Display to header level
An overwhelming majority of Pennsylvanians—regardless of party or region—value open space and state investments in conservation.
Polls show strong support for conservation across the Commonwealth. Overwhelming majorities of Pennsylvanians—regardless of political affiliation or region—value open space and outdoor recreation and believe that investments in conservation are crucial. Pennsylvanians have affirmed these poll results at the ballot box, approving more than a billion dollars for conservation funding on local, county, and statewide ballots in recent decades.
Pennsylvanians overwhelmingly support the use of state funds for conservation. In a 2014 poll,  97% said they support the continued dedication of state funds for land and water conservation, protection of historic sites, and farmland preservation.
In a 2015 poll,  90% of Pennsylvanians said they support increasing state funding for these same purposes.
According to the poll, a solid 80% are in favor of increased conservation funding even if it would cost the average household $10-20 more per year. Independents (86%) are the most willing to pay extra, followed by Democrats (82%) and Republicans (75%). A majority in every region are supportive, from a low of 69% in the northwest part of the state to a high of 90% in the northcentral region.
The same 2015 poll found that more than four-fifths (83%) support setting aside the money from oil and gas leases on state forest land in a permanent conservation trust fund to improve state parks, forests, and other natural areas.
In a 2016 poll,  81% of respondents said they support placing a fee on commercial water use in Pennsylvania to fund the protection and restoration of rivers and streams, including 40% who “strongly” support it. Seventy-one percent of Republicans (including 30% “strongly”) and 89% of Democrats (including 58% “strongly”) support a commercial water use fee.
Pennsylvanians have consistently demonstrated their support for conservation by approving local, county, and statewide ballot measures to allocate public money to open space protection through taxes and bonds. Since 1988, voters have said yes to 79% of these ballot measures (128 of 162), approving more than $1.4 billion in conservation funding.  Many of the measures passed by large margins. (Pennsylvania ranks fourth in the nation in total number of measures passed, and 12th in total amount of conservation funds approved.)
For more information on conservation ballot measures, see The Trust for Public Land’s LandVote database.
The statewide polls found strong support for conservation in every region of Pennsylvania but did not examine any one county in depth. It appears that only one poll in recent years has done this.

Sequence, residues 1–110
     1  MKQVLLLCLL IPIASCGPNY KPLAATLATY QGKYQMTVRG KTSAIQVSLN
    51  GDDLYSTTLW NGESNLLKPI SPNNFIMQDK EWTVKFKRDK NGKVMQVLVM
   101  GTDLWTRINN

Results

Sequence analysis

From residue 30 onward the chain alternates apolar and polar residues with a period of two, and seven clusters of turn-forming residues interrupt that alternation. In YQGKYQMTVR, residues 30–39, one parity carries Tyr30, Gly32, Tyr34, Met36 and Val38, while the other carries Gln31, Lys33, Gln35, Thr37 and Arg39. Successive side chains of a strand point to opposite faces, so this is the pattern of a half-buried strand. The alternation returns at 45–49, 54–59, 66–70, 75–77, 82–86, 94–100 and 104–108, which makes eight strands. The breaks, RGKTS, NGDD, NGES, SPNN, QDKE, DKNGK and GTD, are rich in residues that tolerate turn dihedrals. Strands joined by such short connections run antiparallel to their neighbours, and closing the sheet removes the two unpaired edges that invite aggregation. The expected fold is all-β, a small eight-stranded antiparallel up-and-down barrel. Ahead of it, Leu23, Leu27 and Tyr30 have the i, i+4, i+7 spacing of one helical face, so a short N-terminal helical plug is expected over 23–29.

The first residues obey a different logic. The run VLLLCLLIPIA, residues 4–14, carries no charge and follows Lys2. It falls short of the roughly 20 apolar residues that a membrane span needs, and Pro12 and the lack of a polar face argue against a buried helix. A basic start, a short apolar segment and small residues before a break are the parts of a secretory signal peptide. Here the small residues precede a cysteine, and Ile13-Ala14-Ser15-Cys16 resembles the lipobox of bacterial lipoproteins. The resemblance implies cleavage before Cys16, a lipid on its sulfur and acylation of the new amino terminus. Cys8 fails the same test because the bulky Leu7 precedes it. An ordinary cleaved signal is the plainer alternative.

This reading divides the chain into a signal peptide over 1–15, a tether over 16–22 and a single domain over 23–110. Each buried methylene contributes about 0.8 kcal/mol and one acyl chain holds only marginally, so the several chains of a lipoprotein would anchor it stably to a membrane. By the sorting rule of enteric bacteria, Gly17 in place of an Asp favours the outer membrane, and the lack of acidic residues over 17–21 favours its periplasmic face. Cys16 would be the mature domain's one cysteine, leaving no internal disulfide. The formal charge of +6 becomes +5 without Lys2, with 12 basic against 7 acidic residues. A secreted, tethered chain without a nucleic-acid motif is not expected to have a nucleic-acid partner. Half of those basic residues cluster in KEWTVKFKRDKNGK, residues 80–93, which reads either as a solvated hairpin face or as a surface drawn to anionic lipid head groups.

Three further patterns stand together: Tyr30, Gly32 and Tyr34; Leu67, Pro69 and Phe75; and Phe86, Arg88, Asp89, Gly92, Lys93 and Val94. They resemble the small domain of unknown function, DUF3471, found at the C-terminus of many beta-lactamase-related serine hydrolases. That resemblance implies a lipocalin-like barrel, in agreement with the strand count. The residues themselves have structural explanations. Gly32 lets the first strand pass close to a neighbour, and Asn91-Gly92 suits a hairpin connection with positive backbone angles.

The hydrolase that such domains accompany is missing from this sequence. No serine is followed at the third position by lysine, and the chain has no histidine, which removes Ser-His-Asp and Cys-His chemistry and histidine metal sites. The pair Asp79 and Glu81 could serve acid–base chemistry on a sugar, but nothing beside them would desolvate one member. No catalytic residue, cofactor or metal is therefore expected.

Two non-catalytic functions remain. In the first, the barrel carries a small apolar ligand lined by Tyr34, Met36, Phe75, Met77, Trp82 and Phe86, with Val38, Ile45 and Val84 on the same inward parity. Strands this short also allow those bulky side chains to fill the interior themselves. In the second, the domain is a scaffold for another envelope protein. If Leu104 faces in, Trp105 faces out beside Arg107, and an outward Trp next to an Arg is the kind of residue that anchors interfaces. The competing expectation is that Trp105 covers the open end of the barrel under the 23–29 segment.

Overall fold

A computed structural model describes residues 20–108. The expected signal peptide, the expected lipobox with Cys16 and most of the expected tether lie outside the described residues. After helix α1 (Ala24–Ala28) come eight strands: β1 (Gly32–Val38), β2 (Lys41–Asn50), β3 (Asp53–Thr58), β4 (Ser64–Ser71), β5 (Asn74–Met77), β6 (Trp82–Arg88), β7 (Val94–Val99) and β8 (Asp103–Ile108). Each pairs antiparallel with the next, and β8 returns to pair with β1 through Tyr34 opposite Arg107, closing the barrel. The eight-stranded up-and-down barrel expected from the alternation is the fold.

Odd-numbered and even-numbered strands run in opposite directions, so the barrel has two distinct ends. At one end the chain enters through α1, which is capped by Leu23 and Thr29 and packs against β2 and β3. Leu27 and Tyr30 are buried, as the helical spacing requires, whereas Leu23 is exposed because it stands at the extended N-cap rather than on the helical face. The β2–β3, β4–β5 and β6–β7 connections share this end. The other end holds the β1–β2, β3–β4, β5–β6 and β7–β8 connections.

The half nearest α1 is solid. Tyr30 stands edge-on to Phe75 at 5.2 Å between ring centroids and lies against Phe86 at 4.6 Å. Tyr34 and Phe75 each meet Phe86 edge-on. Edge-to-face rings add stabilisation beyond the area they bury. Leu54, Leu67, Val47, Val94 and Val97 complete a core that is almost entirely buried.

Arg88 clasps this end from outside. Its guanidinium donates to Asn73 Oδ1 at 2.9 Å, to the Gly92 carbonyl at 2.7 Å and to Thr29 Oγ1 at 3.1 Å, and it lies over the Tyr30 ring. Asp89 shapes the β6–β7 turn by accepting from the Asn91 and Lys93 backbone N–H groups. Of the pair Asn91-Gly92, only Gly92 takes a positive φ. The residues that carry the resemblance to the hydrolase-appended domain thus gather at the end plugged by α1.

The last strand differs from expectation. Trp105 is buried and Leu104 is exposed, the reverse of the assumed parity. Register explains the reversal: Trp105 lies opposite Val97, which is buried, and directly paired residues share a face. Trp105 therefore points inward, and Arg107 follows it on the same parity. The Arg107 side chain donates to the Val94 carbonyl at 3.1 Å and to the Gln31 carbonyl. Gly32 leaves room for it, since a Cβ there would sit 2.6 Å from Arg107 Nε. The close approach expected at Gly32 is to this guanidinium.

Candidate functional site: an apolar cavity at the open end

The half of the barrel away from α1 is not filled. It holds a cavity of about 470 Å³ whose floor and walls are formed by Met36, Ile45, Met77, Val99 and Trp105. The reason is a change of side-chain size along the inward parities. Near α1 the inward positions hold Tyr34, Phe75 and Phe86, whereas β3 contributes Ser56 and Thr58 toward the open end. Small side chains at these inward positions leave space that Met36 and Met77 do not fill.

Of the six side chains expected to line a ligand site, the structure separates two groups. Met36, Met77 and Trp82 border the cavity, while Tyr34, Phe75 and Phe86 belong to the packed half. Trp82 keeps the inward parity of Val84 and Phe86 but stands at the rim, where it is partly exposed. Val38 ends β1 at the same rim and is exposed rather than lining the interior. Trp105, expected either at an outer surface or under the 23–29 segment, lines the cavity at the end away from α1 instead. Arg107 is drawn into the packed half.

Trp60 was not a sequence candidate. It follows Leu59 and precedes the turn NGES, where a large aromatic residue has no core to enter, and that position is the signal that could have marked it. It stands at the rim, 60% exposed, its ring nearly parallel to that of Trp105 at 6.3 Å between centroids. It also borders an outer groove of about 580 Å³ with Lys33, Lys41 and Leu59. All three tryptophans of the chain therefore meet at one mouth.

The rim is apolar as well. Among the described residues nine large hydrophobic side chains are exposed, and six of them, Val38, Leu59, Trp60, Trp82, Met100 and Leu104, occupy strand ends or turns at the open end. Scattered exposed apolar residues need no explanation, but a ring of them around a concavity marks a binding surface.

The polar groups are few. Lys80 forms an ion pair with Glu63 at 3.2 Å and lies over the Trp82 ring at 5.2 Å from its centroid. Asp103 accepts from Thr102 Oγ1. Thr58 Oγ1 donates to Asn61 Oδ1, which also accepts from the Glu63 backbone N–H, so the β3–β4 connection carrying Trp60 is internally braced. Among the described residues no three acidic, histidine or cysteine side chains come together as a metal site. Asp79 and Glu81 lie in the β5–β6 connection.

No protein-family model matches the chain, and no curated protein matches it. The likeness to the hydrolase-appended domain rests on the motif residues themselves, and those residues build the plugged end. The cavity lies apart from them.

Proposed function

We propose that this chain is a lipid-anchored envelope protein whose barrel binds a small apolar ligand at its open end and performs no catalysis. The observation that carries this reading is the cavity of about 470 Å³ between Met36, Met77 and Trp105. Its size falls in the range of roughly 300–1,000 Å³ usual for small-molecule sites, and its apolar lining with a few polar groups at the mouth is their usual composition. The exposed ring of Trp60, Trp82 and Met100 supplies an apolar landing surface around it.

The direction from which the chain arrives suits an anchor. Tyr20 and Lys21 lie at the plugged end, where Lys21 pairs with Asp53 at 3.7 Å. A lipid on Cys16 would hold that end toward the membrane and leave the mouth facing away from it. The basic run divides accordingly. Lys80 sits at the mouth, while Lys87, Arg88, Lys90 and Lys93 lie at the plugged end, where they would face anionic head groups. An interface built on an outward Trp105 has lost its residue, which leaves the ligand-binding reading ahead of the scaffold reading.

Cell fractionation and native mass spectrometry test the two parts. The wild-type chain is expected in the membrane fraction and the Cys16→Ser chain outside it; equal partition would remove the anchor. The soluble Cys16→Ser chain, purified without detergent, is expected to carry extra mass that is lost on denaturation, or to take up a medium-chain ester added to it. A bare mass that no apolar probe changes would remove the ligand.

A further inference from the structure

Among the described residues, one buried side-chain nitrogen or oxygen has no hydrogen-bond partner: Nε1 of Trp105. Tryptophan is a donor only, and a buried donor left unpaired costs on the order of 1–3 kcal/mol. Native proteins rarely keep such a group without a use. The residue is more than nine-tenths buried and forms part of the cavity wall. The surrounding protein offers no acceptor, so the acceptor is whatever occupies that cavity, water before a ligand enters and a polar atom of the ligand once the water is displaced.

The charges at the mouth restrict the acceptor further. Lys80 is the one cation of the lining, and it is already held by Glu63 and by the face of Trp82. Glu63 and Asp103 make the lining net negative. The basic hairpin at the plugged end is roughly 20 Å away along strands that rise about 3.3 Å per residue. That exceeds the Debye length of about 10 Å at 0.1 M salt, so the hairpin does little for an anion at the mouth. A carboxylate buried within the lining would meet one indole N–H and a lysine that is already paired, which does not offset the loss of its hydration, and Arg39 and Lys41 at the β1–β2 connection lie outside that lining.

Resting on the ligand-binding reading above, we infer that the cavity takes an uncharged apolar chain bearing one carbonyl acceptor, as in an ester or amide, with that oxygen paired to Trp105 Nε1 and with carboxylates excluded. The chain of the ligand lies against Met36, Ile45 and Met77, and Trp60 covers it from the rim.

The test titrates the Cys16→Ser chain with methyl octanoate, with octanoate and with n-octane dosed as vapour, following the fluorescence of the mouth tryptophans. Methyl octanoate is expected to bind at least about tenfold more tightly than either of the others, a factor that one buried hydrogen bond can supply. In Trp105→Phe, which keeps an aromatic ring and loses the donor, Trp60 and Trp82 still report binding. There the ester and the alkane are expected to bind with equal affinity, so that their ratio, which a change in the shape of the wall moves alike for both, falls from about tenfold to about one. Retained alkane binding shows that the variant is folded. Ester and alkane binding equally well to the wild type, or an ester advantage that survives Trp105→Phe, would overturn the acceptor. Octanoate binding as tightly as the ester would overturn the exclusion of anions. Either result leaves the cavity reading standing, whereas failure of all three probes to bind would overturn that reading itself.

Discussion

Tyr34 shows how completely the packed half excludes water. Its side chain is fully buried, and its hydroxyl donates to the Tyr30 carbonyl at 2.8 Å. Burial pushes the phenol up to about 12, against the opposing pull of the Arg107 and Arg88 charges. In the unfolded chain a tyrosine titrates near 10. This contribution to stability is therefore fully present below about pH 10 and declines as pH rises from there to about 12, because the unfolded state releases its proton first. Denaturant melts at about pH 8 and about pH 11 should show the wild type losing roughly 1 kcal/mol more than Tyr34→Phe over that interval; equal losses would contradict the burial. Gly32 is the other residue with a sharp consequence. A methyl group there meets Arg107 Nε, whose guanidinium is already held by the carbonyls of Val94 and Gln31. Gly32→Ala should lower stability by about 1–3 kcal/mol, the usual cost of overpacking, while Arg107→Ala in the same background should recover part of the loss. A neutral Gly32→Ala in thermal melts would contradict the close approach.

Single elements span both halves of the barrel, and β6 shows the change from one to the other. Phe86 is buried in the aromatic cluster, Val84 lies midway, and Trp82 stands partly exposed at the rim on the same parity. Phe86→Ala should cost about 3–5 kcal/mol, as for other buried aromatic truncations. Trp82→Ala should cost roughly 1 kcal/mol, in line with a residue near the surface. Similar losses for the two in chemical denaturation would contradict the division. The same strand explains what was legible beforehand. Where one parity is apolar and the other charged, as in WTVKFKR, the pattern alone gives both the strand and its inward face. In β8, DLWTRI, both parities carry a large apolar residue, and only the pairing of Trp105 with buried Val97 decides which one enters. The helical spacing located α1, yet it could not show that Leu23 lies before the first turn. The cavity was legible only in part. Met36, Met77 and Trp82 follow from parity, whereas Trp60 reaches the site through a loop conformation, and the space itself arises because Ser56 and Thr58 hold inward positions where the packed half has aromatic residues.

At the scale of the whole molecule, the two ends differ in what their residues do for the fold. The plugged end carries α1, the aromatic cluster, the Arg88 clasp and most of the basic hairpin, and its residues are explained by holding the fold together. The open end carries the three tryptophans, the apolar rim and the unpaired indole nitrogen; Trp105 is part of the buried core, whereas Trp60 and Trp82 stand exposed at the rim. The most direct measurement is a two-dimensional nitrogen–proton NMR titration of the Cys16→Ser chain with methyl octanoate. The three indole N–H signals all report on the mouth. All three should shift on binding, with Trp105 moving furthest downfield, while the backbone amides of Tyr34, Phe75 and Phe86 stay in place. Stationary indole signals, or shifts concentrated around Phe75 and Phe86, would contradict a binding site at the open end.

A 2016 poll  of registered voters in Lancaster County examined opinions regarding farmland preservation. The poll found that:
 Pennsylvania Statewide Public Opinion Survey. Conducted by the Center for Survey Research at Penn State Harrisburg for The Nature Conservancy and The Trust for Public Land (2014). Telephone survey of 606 adult Pennsylvanians in June, 2014.
 Pennsylvania Statewide Public Opinion Survey. Conducted by the Center for Survey Research at Penn State Harrisburg for The Nature Conservancy and The Trust for Public Land (2015). Telephone survey of 601 adult Pennsylvanians from March 4-April 15, 2015.
 Fall 2016 Penn State Conservation Poll. Conducted by the Center for Survey Research at Penn State Harrisburg for the Growing Greener Coalition (2016). Telephone survey of 605 adult Pennsylvanians from September 8-October 29, 2016.
 LandVote Database. The Trust for Public Land. www.landvote.org
 Lancaster County Farmland Preservation Poll. Conducted by Susquehanna Polling and Research for Lancaster Farmland Trust (2016). Telephone survey of 402 registered voters in Lancaster County from December 6-10, 2015.
Nate Lotze authored this guide. Andrew M. Loza edited it.
The Pennsylvania Land Trust Association published this guide with support from the Community Conservation Partnerships Program, Environmental Stewardship Fund, under the administration of the Pennsylvania Department of Conservation and Natural Resources, Bureau of Recreation and Conservation.
Nothing contained in this or any other document available at ConservationTools.org is intended to be relied upon as legal advice or to create an attorney-client relationship. The material presented is generally provided in the context of Pennsylvania law and, depending on the subject, may have more or less applicability elsewhere. There is no guarantee that it is up to date or error free.
© 2017 Pennsylvania Land Trust Association
Text may be excerpted and reproduced with acknowledgement of ConservationTools.org and the Pennsylvania Land Trust Association